There are neater solutions. Some amps, such as Swart’s AST models, allow you to use 6V6 or 6L6 power valves and swap rectifier valve types for earlier break-up and compression, while Rivera, Vox and Gibson have used pentode/triode switching. Here’s one ingenious approach that takes something from both of those ideas – and another that lets you completely rebuild you output stage on the fly…
15. TAD Class A Converters
This is a simple trick if there’s room inside your amp for some extra-tall valves. Replace your EL34s or 6L6s with a pair of these drop-in converters (aka ToneBones) and you’ll be effectively turning your 30-watter into an EL84-fired AC15 type. Just check the TAD site for amp compatibility, and make sure you choose the triode version for maximum attenuation – down to around eight watts.
16. Hughes & Kettner Triamp Mark III
H&K’s flagship amp has a resistive attenuation control on the back panel, but much more interesting is theway it lets you hop between three different pairs of power valves just by pressing buttons on the mission control-style front panel. So you could use four KT88s for your big festival appearance, then switch over to a pair of 6L6s for home practice. Expensive? Oh, er… we hadn’t noticed…
For a leftfield option how about a valve amp that fits under your hat?
17. Zvex Nano Head
It’s no secret that titchy tube amps such as the legendary tweed Fender Champ can record beautifully, but there’s no need to stop there. ZVex’s Nano Head is just 4.5 inches across and pumps out half a watt of pure valve power into the smallest cab you can find (well, it’d look prettysilly on a 4×12). See also the Blackstar HT-1 and Marshall’s one-watt 50th anniversary models.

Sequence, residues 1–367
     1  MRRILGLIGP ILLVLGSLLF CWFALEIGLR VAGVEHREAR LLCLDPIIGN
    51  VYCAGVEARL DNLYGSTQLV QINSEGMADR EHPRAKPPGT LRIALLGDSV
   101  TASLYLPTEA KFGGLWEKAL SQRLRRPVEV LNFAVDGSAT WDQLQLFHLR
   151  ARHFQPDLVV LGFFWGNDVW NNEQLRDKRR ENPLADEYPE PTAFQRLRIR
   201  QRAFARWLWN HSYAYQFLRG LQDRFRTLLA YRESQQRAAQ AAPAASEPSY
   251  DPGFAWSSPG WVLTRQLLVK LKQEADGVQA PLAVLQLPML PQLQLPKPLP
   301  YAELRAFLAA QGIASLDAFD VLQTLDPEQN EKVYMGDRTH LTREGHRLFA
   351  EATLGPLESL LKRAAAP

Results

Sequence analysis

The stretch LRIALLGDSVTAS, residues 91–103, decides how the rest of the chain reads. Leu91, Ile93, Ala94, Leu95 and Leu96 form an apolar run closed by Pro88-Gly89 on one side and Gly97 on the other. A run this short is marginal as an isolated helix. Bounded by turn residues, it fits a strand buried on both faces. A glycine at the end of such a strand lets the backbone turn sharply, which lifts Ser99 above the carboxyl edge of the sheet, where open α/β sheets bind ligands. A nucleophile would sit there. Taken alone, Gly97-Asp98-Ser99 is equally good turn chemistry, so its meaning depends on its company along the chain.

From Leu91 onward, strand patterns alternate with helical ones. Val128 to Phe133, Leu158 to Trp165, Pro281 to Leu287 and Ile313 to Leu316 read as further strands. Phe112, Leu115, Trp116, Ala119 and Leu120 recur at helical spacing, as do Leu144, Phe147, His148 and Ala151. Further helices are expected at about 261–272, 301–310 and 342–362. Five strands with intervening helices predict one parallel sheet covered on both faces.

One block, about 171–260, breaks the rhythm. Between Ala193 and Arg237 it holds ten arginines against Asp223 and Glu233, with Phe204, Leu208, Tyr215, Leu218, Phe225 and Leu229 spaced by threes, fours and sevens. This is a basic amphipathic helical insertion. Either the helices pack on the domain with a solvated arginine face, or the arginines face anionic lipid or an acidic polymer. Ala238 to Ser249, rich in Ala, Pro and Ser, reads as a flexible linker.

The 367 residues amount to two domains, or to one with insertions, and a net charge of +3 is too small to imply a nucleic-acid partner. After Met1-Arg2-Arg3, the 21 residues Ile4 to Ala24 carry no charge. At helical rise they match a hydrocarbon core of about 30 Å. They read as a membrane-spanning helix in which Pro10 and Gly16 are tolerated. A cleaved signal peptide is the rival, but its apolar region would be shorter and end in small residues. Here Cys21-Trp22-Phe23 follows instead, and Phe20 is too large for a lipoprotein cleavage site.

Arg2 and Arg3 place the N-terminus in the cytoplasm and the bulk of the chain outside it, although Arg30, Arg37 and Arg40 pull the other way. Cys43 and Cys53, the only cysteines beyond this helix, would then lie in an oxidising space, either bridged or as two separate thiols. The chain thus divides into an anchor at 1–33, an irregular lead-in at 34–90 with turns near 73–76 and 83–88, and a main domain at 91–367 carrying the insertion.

Part two: Stomp out your problems
Whether it’s plugged into your usual amp or going directly to an audio interface, the short cut to tinnitus-free tone might be at your feet…
You wouldn’t buy a conventional stompbox to make your amp quieter, any more than you’d hire a drummer to make your band more intelligent. Or would you? In some cases, shrewd use of one or two pedalboard staples can help you get the sounds you want at lower levels.
18. Caroline Haymaker
How do you crunch up the perfect clean sound? The simple answer is to crank up the preamp volume… but that little nudge into the breakup zone is often just enough to turn a gentle jam into a visit from the noise police. A transparent overdrive – that is, one that’s been voiced not to colour your basic tone – is the obvious answer. The Haymaker is an excellent example of the type, allowing you to dial in just as much pure gain as you need without hitting the front end of your amp any harder than you want to.
19. Earthquaker Devices Palisades
The combination of slimmed-down bottom end and boosted upper mids means a Tube Screamer-type will give you a more ‘compact’ overdriven tone, with lots of cut but very little low-end bloom. So if floorboard-wobbling bass is your biggest problem, a Screamer could be your saviour. The Palisades offers several flavours of amp-like drive – and a unique amount of control over those deadly bass frequencies.
20. Orange Kongpressor
Compressors can be handy for making things sound louder than they rare – which is good news if you’re actively looking to annoy people – but they can also restore a bit of life to an amp that you’ve had to turn down below its sweet spot. The Kongpressor is particularly good for this: as well as compressing in a natural way, it has a ‘chime’ control that’s perfect for adding sparkly treble to an unhappily flattened clean tone.
Preamp & amp-in-a-box pedals
Now we move on to specialist stompboxes that are designed to replace your rowdy old amplifier altogether… or at least the front half of it. For silent recording with amp-like tone, send the output straight to an audio interface; and when you are allowed to make a wee bit of noise, plug into your amp’s effects return or a standalone power amp.
21. Tech 21 Character Series
Tech 21 has been making amp-emulating stompers since 1989, when ‘digital’ just meant a watch without hands. Its current range of Character pedals covers every major amp type from both sides of the Atlantic, and each has a switchable speaker sim. Look out also for the Fly Rig 5 models, which combine the same analogue amp emulations with overdrive, reverb and delay.
22. Kingsley Constable